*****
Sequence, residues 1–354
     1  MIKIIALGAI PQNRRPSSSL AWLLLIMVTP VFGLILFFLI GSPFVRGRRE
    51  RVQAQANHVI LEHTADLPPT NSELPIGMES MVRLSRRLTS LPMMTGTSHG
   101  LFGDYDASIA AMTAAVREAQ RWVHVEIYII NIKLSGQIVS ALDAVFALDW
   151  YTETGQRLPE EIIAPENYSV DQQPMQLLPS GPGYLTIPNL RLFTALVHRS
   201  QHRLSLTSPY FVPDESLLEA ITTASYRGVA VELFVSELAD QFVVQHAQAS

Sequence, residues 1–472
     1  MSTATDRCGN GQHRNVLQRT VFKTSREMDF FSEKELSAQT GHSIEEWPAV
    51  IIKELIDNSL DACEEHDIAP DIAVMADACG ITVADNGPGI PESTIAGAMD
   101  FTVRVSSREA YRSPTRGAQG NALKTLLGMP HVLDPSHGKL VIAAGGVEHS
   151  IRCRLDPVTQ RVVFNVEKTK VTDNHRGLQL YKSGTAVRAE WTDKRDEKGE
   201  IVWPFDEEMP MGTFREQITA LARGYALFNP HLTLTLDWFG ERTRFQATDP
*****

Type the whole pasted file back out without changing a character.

Sequence, residues 1–354
     1  MIKIIALGAI PQNRRPSSSL AWLLLIMVTP VFGLILFFLI GSPFVRGRRE
    51  RVQAQANHVI LEHTADLPPT NSELPIGMES MVRLSRRLTS LPMMTGTSHG
   101  LFGDYDASIA AMTAAVREAQ RWVHVEIYII NIKLSGQIVS ALDAVFALDW
   151  YTETGQRLPE EIIAPENYSV DQQPMQLLPS GPGYLTIPNL RLFTALVHRS
   201  QHRLSLTSPY FVPDESLLEA ITTASYRGVA VELFVSELAD QFVVQHAQAS

Sequence, residues 1–472
     1  MSTATDRCGN GQHRNVLQRT VFKTSREMDF FSEKELSAQT GHSIEEWPAV
    51  IIKELIDNSL DACEEHDIAP DIAVMADACG ITVADNGPGI PESTIAGAMD
   101  FTVRVSSREA YRSPTRGAQG NALKTLLGMP HVLDPSHGKL VIAAGGVEHS
   151  IRCRLDPVTQ RVVFNVEKTK VTDNHRGLQL YKSGTAVRAE WTDKRDEKGE
   201  IVWPFDEEMP MGTFREQITA LARGYALFNP HLTLTLDWFG ERTRFQATDP